I spied these coconuts on a neighbor’s porch the other day, and thought to myself, there’s a photograph. I’m not sure if they are drying or just inadvertently left lying around, or what; she wasn’t around to ask and I doubt if my Thai or her English is up to the task, in any event.

I was leaving my pad today, in the early afternoon hazy sunlight and busted out the Nokia N8 to snap this photograph. You see a lot of this sort of thing in my neighborhood in Bang Plat, a community within Bangkok right on the river — it’s a slice of rural Thai community smack in the heart of the urban megalopolis. No doubt it will be featured much in the future in a Photo a Day.

As for this image, other than a little cropping and minor tweaking in Photoshop, as always, here are the coconuts. And that’s our Photo a Day photo today.

Oh, apologies to the Violent Femmes.

Give it enough light, and the N8’s image sensor whups that ass. Here’s a detail from the original photograph, with no size compression. As always, click the images to embiggen.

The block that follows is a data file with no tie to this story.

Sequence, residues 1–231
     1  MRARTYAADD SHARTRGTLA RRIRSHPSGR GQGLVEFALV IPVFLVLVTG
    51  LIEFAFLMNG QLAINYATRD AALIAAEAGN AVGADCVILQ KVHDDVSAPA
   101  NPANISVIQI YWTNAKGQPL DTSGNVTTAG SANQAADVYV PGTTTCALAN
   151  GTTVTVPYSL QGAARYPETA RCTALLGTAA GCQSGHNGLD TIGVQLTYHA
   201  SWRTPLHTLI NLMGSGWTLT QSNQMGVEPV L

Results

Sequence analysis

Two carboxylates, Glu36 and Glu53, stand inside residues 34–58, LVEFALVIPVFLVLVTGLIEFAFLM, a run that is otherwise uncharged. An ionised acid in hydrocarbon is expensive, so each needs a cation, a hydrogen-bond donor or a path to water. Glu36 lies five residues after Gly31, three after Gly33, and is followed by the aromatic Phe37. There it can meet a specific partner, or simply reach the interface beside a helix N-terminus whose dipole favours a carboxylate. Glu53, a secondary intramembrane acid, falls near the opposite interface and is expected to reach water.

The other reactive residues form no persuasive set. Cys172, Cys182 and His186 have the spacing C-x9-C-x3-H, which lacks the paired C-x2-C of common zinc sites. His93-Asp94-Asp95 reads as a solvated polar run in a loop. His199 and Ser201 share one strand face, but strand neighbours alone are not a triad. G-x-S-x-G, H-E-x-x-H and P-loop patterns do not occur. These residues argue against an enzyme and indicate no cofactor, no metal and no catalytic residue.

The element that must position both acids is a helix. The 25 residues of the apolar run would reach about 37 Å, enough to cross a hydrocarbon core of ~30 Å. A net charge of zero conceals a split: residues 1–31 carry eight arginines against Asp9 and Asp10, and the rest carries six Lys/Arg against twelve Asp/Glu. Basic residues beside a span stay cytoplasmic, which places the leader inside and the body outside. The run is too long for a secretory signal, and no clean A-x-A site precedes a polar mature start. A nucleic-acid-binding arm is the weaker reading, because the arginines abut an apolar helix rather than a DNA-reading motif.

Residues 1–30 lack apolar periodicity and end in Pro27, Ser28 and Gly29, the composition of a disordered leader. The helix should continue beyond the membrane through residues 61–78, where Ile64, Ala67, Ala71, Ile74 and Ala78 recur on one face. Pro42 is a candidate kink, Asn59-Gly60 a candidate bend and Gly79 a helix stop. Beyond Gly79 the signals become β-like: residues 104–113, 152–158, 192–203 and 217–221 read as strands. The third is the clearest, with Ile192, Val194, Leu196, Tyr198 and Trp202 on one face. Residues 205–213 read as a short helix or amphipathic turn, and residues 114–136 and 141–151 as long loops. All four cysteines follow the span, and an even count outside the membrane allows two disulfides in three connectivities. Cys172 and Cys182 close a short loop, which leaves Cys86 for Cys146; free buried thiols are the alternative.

coconuts in the sun: Jeff Chappell's Photo a Day

Saint Patrick’s Day Parade a la Pattaya

A traditional celebration of St. Patrick’s Day and Irish culture …

Balloon Girl Closeup: Saint Patrick's Day in Pattaya, Thailand.

… in Pattaya, Thailand

It’s the traditions that keep us together. Take for example, St. Patrick’s Day. It’s a day when the Irish and people of Irish descent around the world pause for reflection on their heritage and what it means to be Irish, the children of history, famine, diaspora and poets.

Or not.

For most of us, even those of us who still have relations back on the Emerald Isle, it’s an excuse to party. And the Thais love and excuse to party — any excuse to indulge in sanuk will do, and that’s why we love them. So here’s a taste of St. Patrick’s Day Thai style, in (in)famous Pattaya, Thailand.

More Ethnic Drummers

Bored with the Parade

Traditional Brazilrish 2

O'Gara's Ladies 4

If you wish to see more, there are plenty — some 62 photos actually — over on my Flickr account, in my St. Patrick’s Day Parade, Pattaya, Thailand, 2013 photoset. Drunken falang, ladyboys, cute girls, public urination, Brazilian dancers in finery, needy children and a green elephant, among other things.

I have to say I’m pretty happy with my new DSLR and lenses. It’s nice to have respectable photo gear again; it’s been too long.